Bristol eco-village set up camp this week with huge support from local people and activists from all around the country. The off-grid, urban community kicked off last month on a patch of waste land in St Werburghs – previously notorious for fly tipping, arson attacks and hard drug users.
The ‘swoop’ to take the land started with activists forming a walking block and cycle block, trailed by an obligatory police presence. After a wild goose chase to lose the cops (who eventually got bored and wandered off), both teams took the site at about midday.
The first day was spent clearing the site of rubbish, yielding a plethora of waste building materials which have been put to good use with tyre walls for an earthship being constructed, two composting loos on the go and recycling facilities sorted.
St. Werburghs is known for being a ‘green’ part of Bristol with a city farm and a number of self-build eco-houses nearby, so the neighbours to the site have responded with gusto. Residents have donated tools, a grey water system and polytunnel, as well as plants and seedlings, which were planted with help from the kids from the primary school opposite.
Police have reacted positively to the squat and offered their support to help prevent a planned illegal eviction, and after a good turnout of supporters, the bailiffs didn’t show, having been served notice that the eviction would be illegal under common and criminal law. Another attempt to evict is expected soon, so campers are urging people to continue to respond to call-outs.
The collective plans to set up the site with buildings and a flourishing garden, then leave it for the local community to enjoy before moving on to another piece of derelict land which needs regeneration. The camp invites all visitors to come for the day or to stay for longer – so grab your tools and gardening gloves and get down to help green-up an urban wasteland.
FIRST IN THE KEW
The Bristol project was inspired by green-fingered activists in London who set up an eco-village at Kew Bridge in June 2009. This provided an example of post-peak oil, sustainable, urban living created from capitalist society’s waste – creating a thriving community space which is still going strong nearly a year later.
The two hectare site had been unoccupied for 23 years after failed development plans for an eight storey block of flats were continuously rejected at the planning stage. The land has been left alone by the landowners, who have not tried to evict the occupants, and by managing to keep the local residents and police sweet, the camp is now a hub of community interaction. There is a packed weekly itinerary of workshops including permaculture, cookery and art, wild food walks around the local area, public meetings and guided tour open days. The site is also a launch pad for protest with people getting involved with demos like the anti-Counter Terror Expo action (See SchNEWS 718), and the village is closed on Mondays as the occupants go and demo outside the MOD and ’emanate love’ to promote peace.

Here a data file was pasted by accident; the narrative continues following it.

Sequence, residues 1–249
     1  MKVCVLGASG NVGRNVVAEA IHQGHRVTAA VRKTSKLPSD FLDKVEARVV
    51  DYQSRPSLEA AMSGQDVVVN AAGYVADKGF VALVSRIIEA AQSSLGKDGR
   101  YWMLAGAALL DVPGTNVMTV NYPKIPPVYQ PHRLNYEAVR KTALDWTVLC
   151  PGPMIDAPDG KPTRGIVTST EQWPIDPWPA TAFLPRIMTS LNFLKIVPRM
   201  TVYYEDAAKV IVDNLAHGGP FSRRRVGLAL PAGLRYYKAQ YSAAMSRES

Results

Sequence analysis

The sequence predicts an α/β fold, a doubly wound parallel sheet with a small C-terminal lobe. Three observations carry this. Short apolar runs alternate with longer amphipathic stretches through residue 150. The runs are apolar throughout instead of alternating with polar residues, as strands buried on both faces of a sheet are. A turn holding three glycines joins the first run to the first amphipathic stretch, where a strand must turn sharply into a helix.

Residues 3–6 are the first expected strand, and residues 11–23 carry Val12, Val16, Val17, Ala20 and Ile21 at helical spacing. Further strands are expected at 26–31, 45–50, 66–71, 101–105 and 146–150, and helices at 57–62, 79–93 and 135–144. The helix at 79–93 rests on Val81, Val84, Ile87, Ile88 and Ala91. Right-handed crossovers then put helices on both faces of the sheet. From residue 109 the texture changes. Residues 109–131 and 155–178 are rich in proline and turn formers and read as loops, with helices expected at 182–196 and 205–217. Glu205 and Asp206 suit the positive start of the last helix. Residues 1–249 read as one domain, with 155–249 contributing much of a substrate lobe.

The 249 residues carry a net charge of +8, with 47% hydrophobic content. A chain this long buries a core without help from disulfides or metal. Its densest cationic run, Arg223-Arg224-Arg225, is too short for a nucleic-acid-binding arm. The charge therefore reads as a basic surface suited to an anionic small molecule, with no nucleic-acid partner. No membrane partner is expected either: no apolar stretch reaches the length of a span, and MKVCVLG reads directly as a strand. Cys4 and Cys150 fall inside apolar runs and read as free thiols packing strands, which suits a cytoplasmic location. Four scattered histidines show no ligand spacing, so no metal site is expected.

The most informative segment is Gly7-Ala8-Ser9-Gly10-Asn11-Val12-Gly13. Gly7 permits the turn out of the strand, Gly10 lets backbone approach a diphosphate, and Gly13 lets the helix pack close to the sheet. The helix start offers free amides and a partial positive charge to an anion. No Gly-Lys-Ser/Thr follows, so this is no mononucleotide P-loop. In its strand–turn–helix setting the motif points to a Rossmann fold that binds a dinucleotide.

With 30 permanent residents, nine of whom are original crew from the swoop at the site, they also welcome visitors with a custom built guest house if you want to stay (though call first to check if there’s space), and encourage all to come and help with the community vegetable and herb garden or just chill out.
The action of squatting unused land based on principals of harmony with the land and equality goes back further to before anyone had even come up with the genius idea of abbreviating ecology into a soundbite, and when villages had composting loos as standard. The Diggers movement from 1649, a network of communes which reclaimed land after the English Civil War, has been heralded as the prime inspiration for all of these modern day actions. Following the execution of Charles I, the Diggers started in protest against the treatment of the common people who had fought and died for a supposedly more egalitarian parliamentary system, while the MPs lived in luxurious comfort (sound familiar..?). The network however was quickly squashed by the military who went round smashing up all the settlements (ditto).
The Bristol Eco-Village is on land between the M32 and Saxon Rd, Bristol, BS2 9SH – for map see http://wtp2.appspot.com/wheresthepath.htm?lat=51.469250…oz=10%3E.
For more info and contact details see the Facebook group: Bristol Eco Village – the Urban Centre for Alternative Technology.
The Kew Bridge site is at 2 Kew Bridge Road, Brentford, TW8 0JF, site mob 07967864370 see Kew Bridge Eco Village! on Facebook and http://kewbridgeecovillage.wordpress.com.
There are currently two other occupied community gardens, both of which were toxic, disused petrol station sites, and are now thriving gardens and community spaces:
The Lewes Road Community Garden in Brighton has been an oasis of green on a grinding high street since last May (See SchNEWS 680) www.lewesroadcommunitygarden.org, see also Facebook group of the same name.
In East Oxford, the Barracks Lane Community Garden has been running since 2007, with regular events see www.barrackslanegarden.org.uk
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